Cognition & Reality

Tuesday, 25 August 2009

Pushing Hands As A Therapeutic Modality

Filed under: Uncategorized — drtone @ 11:35 am

A practice called pushing hands (tui shou), which has long been used to teach the martial applications of Tai Chi Chuan, teaches us how to flow while in contact with another person. Learning how to flow enhances the ability to relax while sensing another person’s energy or chi, with direct implications for human relationships of all kinds. Because the distinction between mind and body is illusory, training the body to feel another’s intentions and respond to them calmly trains the mind to do the same. Therefore, pushing hands develops and tunes sensitivity to one’s own emotional state and to the emotional states of others. The result is greater responsiveness, as well as greater physical and emotional balance.

Pushing hands, at its most basic, is a non-violent physical activity in which two partners maintain a light touch on each other as they circulate slowly and continuously, moving chi in tandem. As they engage, they listen to each other’s bodies and help each other find places where they are tight or tense. When one partner gently pushes with active force, the other partner smoothly retreats with corresponding passive force. Then they reverse roles. Viewed from above, their movement traces a yin-yang pattern. The activity therefore literally embodies Yin and Yang.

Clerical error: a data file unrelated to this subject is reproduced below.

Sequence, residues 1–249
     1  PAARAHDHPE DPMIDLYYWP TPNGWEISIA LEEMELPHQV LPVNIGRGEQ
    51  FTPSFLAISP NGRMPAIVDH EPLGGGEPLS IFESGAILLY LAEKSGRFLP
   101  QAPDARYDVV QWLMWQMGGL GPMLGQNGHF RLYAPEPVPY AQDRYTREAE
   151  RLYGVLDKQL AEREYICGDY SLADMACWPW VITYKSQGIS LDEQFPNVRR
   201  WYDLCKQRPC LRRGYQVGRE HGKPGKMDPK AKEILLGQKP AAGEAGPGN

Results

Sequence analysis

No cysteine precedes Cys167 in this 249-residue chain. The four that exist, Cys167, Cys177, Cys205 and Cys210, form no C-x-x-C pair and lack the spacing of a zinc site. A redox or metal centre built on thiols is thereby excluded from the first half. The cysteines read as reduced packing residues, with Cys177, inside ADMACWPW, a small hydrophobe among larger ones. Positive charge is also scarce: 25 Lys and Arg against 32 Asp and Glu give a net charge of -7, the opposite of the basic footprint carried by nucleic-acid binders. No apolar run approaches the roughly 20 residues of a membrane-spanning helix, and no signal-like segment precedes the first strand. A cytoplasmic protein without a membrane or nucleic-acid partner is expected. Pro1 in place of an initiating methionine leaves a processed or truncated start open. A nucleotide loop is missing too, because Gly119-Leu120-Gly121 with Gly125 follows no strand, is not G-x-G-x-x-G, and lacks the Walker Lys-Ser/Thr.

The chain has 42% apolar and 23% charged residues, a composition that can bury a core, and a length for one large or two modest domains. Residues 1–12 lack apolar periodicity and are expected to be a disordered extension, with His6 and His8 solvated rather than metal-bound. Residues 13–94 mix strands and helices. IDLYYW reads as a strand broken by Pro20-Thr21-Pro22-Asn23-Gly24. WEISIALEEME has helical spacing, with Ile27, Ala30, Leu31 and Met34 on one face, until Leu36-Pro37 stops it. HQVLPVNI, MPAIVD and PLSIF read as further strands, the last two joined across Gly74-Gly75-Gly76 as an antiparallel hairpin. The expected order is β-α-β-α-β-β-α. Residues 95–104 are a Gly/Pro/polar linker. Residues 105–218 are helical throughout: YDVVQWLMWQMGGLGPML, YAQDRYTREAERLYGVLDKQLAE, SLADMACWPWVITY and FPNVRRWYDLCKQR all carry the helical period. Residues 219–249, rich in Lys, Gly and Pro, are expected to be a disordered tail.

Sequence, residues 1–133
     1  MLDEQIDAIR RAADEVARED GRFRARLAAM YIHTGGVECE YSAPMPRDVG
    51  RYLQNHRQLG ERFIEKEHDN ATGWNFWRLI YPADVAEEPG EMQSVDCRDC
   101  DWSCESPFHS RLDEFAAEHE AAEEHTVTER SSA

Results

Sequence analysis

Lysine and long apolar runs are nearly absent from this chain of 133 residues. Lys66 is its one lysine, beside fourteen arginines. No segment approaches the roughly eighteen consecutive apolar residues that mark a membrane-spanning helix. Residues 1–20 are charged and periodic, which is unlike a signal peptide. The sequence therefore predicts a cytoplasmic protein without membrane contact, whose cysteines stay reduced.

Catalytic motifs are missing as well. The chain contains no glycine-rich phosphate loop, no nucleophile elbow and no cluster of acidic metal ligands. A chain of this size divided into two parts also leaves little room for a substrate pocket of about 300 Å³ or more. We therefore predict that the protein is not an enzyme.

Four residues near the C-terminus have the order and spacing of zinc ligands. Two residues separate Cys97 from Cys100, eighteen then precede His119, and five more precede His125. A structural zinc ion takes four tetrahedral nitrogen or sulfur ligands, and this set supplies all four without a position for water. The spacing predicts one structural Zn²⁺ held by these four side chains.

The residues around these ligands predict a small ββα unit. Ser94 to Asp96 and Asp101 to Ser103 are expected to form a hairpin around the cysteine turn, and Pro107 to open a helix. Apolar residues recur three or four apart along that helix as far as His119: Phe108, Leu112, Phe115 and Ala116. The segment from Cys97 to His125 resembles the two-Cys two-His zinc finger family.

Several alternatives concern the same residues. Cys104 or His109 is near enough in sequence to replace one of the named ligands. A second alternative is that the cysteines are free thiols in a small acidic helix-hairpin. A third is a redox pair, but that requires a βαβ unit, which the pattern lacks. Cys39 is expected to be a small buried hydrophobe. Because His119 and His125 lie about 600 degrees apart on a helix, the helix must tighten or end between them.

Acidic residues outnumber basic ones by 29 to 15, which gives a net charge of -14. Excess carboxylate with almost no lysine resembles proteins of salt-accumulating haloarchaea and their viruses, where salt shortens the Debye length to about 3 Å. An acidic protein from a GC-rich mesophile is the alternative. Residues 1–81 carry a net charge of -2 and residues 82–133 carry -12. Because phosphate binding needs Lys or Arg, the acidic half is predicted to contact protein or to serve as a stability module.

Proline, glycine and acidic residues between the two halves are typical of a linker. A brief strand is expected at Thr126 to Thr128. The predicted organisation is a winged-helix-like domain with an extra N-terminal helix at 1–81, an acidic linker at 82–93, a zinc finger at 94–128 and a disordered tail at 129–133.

When partners push hands they absorb into their bodies lessons about both yielding and being firm  in relationships. Most importantly, it teaches them that interactions, even conflictual ones, are a cooperative venture, because the opponents choose to engage. For that reason, playing push hands illustrates the fundamental insight of  object relations, that for every oppressor there is a victim who inhabits the role of the oppressed. In addition, pushing hands cuts straight through the illusion of separateness, because “winner” and “loser,” “you” and “me,” get lost in the flow.

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